Pre-recorded VT segments additionally situate street dance crews, such as Cerebro, in false urban environments in order to maintain the illusive stereotypical markers or race and class, with a particular emphasis on the reproduction of blackness. Flawless crew are filmed walking around the streets of London without an explanation of their location, The A Team are depicted rehearsing their choreography outside a block of flats in a concrete open area, while Ruff Diamond are filmed performing gymnastic stunts in a disused factory car park.22 Removed from their dance studio environments and placed within a constructed urban aesthetic, the television production continues to associate the black dancing body with "the streets": the mediated representation of the origins of hip-hop cultural styles.23

Following these examples, do these highly produced and screened crew performances reveal anything more than a regurgitation of fixed notions of black hypermasculine excess? Drawing upon ideas derived from film theory, I argue that the possibility for an alternative reading lies in the notion of spectacle as an aesthetic experience.

Spectacular digital cultures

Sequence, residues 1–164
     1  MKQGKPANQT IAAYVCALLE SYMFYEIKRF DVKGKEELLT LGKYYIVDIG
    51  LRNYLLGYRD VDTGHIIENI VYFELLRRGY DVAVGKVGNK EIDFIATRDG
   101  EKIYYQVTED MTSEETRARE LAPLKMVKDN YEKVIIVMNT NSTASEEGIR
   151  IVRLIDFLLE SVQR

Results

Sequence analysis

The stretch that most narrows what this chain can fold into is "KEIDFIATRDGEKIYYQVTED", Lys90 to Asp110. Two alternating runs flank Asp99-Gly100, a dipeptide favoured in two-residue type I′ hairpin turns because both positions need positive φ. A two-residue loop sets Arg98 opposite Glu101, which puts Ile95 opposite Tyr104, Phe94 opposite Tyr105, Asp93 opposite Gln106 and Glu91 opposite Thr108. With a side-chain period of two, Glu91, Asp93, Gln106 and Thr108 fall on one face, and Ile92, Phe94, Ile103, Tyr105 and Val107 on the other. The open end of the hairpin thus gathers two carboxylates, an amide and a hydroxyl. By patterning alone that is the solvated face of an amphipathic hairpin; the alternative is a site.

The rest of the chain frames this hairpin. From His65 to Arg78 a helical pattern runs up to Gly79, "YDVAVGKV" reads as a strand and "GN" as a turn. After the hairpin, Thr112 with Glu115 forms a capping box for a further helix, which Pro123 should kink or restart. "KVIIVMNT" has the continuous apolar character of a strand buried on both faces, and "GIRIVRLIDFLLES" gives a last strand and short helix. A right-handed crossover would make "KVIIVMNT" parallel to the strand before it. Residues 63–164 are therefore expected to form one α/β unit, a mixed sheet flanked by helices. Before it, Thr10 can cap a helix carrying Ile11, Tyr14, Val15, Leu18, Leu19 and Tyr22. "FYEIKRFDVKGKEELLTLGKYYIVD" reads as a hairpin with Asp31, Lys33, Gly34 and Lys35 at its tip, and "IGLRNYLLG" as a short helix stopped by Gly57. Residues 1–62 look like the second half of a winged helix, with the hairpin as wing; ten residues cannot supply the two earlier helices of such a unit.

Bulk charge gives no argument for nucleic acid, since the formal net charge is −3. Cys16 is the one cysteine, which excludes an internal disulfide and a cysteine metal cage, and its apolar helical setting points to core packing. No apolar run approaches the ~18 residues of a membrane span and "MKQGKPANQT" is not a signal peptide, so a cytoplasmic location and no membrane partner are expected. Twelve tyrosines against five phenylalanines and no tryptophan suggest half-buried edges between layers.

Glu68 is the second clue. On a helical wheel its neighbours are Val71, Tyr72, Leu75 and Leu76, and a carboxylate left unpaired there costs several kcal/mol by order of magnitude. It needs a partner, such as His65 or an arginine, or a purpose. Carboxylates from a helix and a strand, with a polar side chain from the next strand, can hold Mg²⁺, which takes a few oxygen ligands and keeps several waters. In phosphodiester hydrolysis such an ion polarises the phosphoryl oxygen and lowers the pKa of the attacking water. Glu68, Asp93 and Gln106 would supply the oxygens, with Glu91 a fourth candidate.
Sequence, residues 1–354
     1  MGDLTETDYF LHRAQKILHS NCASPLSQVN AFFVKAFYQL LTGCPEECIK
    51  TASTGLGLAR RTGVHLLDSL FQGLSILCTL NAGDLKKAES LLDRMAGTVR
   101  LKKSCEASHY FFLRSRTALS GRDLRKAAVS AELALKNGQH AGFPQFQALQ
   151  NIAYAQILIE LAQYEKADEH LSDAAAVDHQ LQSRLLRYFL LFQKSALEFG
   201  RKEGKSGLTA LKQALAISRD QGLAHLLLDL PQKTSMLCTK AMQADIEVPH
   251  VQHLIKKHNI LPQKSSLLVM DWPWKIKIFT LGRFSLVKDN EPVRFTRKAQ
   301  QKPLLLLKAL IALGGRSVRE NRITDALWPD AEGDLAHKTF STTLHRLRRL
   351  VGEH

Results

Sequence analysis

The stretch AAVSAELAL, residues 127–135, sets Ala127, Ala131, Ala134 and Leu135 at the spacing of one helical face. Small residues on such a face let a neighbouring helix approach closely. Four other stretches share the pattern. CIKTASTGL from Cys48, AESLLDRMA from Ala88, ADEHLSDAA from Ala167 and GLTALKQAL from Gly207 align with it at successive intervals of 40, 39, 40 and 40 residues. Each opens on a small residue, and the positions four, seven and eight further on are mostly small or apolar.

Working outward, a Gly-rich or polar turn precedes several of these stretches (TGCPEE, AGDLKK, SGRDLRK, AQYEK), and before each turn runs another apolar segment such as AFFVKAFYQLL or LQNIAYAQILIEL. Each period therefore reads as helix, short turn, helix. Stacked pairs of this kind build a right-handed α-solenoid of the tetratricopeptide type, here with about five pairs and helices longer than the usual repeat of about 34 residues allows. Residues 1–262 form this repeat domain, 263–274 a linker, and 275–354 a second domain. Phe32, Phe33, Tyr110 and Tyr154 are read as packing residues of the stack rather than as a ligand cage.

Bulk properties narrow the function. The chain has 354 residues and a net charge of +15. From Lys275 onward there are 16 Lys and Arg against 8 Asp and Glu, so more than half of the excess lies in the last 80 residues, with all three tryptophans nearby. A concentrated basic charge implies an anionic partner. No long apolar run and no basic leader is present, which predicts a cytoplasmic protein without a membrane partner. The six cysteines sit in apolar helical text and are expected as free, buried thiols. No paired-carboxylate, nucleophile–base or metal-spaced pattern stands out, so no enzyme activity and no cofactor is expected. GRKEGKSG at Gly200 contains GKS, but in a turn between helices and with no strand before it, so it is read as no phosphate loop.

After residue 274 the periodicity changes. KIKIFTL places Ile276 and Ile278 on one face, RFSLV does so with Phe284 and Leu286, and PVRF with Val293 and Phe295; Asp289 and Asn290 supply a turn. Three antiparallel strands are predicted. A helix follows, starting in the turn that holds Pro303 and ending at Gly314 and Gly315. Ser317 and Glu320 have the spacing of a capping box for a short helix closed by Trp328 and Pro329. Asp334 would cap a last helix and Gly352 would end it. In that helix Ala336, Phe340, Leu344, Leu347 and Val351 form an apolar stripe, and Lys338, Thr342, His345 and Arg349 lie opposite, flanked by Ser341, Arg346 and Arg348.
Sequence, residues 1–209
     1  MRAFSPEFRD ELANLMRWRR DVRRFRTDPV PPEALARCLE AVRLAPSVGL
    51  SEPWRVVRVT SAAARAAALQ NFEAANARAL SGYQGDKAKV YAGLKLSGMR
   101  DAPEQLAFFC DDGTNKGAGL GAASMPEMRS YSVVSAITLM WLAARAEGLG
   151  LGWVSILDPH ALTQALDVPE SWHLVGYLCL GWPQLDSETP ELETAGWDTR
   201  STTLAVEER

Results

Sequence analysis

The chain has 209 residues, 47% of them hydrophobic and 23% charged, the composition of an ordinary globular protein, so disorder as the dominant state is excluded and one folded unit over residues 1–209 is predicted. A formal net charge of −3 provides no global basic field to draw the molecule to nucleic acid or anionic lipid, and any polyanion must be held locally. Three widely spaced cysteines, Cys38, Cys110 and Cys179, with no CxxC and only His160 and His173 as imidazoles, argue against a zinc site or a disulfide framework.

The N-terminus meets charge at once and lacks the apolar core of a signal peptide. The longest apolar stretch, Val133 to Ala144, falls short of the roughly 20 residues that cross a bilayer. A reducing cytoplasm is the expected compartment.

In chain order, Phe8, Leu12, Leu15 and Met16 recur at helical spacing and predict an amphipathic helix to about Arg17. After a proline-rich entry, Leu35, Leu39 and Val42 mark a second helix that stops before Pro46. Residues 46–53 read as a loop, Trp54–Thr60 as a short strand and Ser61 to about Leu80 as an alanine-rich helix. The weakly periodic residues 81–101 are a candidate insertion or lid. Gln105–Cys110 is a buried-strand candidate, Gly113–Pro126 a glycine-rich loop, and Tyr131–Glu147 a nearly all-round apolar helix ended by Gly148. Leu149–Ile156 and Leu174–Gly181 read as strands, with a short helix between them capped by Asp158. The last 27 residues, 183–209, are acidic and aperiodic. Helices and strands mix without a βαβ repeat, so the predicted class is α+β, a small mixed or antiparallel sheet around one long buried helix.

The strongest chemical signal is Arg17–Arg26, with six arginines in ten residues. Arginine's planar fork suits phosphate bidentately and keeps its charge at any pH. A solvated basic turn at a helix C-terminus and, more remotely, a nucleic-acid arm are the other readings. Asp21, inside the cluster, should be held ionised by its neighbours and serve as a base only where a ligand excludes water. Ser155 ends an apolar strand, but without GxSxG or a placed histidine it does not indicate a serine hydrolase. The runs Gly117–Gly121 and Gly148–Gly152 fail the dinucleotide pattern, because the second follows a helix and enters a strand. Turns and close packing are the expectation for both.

Since the late 1940s, the privatization of the spectacular experience through home television screens both increased the spectator's control of the medium, whilst at the same time reduced the sensual impact of the overall visual digital spectacle. Unlike the blackened theatrical environment of the cinema and the enhanced size of the cinema screen, the location of television in the home environment equated to a distracted gaze due to the temporal and spatial division between the spectacle and the spectator. These distractions are further amplified with the mobility of the twenty-first century television experience. Smaller screens, including smartphones and tablets, allow fingertip interactivity between television show and social media platforms, providing a further fragmented digital viewing experience. Consequently, small screen spectacles do battle to attract the attention of the distracted gaze.

In his study of visual digital cultures, Andrew Darley states that the proliferation of digital imaging technologies has fuelled the recent contemporary resurgence of spectacle in cinema and television.24 These include the use of wire removal software, green screens, digital rendering, image based rendering, CGI, digital 3D motion capture, and the layering of live action and computer-generated images. Such advanced camera mobility sweeps and zooms the spectator through the filmed action, and rather than merely capturing images in front of the camera lens, these stylistic features become part of the visual experience. Such technologies reveal key similarities with the early emergence of popular entertainment in the nineteenth century due to their heightened use of "form, style, surface, artifice, spectacle and sensation," and a shared emphasis on arresting the senses through a fusion of technique and skill with mediated technologies of representation.25